By Stephen Herzenberg for THIRD AND STATE: A progressive take on public policy in Pennsylvania
A new “big-data” base on U.S. school districts provides new evidence that Pennsylvania has many high-performing schools but many lower-income rural and urban districts that perform less well. A likely culprit: Pennsylvania’s inadequate state funding for schools. Low state school funding leaves moderate- and lower-income districts poorly funded and with less in total funding than affluent districts, even though the lower-income districts serve students with higher rates of poverty, non-English speaking families, and other challenges that hold back achievement. Most school districts in neighboring New Jersey perform well regardless of their income and wealth, thanks in part to more generous and equitable state funding for schools of moderate means.
The new data base, the Stanford Education Data Archive will be a gold mine for education researchers and policymakers. While waiting for definitive studies, we take a first look here at what the data base offers based on a New York Times story and interactive on-line tool posted earlier this month.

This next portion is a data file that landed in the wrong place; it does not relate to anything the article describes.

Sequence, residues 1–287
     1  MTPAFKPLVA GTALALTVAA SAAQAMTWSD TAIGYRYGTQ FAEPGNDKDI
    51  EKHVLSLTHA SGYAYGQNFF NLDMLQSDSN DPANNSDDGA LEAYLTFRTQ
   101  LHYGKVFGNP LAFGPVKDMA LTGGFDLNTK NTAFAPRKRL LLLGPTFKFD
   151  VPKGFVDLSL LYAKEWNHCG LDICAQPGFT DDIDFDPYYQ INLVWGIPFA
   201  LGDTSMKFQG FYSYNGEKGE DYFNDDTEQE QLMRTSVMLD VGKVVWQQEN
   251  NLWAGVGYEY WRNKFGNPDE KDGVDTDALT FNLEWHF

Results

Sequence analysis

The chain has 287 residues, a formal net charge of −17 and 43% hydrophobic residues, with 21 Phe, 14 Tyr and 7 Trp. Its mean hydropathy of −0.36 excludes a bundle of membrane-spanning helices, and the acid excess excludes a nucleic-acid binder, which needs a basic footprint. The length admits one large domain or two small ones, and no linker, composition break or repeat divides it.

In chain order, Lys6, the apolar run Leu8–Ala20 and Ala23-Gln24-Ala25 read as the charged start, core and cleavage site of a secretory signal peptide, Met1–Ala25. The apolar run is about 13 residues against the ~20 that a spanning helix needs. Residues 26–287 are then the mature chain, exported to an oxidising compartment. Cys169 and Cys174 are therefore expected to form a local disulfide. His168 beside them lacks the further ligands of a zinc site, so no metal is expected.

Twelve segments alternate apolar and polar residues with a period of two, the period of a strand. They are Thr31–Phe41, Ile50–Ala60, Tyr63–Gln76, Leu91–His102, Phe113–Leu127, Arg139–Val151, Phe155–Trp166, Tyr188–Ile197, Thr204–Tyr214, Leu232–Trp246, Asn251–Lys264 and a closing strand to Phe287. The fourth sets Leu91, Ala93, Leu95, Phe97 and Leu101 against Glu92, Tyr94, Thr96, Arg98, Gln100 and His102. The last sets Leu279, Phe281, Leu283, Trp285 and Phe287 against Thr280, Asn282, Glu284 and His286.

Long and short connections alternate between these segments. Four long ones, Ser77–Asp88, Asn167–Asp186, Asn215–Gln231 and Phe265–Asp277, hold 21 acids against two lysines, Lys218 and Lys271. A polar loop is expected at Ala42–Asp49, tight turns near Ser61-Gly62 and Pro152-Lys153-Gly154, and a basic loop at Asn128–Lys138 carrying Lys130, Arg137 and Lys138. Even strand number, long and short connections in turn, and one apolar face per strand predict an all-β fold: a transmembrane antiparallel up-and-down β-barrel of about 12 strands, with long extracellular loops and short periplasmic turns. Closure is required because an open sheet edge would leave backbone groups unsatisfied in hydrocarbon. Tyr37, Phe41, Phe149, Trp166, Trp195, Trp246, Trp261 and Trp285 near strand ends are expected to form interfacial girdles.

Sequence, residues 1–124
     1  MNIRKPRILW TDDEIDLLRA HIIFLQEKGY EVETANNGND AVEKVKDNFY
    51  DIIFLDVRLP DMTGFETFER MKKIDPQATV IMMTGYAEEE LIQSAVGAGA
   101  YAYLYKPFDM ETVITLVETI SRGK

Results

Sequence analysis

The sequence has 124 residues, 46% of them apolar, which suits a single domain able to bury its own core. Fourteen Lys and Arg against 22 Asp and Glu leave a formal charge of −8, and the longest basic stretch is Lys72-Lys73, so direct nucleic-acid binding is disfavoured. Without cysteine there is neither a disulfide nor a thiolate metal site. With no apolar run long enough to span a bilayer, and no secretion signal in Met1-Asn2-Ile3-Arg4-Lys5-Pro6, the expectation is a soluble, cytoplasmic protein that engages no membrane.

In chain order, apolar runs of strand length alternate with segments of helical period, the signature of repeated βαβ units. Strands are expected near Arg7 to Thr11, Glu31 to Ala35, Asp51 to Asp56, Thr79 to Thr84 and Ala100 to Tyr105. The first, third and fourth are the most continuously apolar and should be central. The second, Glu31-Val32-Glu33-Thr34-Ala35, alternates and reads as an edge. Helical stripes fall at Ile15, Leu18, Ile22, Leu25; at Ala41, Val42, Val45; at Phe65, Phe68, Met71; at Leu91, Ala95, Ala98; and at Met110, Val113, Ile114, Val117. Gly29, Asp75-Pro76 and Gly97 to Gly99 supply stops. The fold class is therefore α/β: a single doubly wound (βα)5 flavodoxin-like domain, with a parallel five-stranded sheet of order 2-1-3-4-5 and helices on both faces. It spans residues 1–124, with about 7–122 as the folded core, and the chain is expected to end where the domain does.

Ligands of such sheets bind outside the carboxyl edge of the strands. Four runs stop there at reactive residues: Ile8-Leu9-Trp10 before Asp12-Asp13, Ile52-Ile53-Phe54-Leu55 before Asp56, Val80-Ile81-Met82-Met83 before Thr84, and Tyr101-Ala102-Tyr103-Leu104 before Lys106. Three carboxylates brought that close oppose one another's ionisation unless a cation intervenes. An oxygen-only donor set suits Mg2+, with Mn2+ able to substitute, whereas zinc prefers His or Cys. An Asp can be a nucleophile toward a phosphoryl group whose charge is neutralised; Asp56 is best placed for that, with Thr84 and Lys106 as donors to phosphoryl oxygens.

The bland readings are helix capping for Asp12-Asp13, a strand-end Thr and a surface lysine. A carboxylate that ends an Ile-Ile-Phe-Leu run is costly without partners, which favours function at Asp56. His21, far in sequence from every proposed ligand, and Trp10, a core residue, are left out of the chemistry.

The story highlighted that the Chicago Public Schools delivered one of the highest improvements in student test scores from 3rd grade to 8th grade between 2009 and 2015. Its interactive tool allows users to enter a school district, and to extract information on how that school and 19 comparison districts in the same state performed over this period. The comparison districts change each time you use the tool, even if the school district you enter stays the same. The basic picture of how the school district entered performs relative to other districts does not change, suggesting that the researchers have been careful to make the other districts a “representative” comparison group.
We used the tool to examine the performance of Pennsylvania school districts. We then used the tool to generate information on New Jersey school districts. The table profiles Philadelphia and 19 other Pennsylvania school districts.
Read the full story here: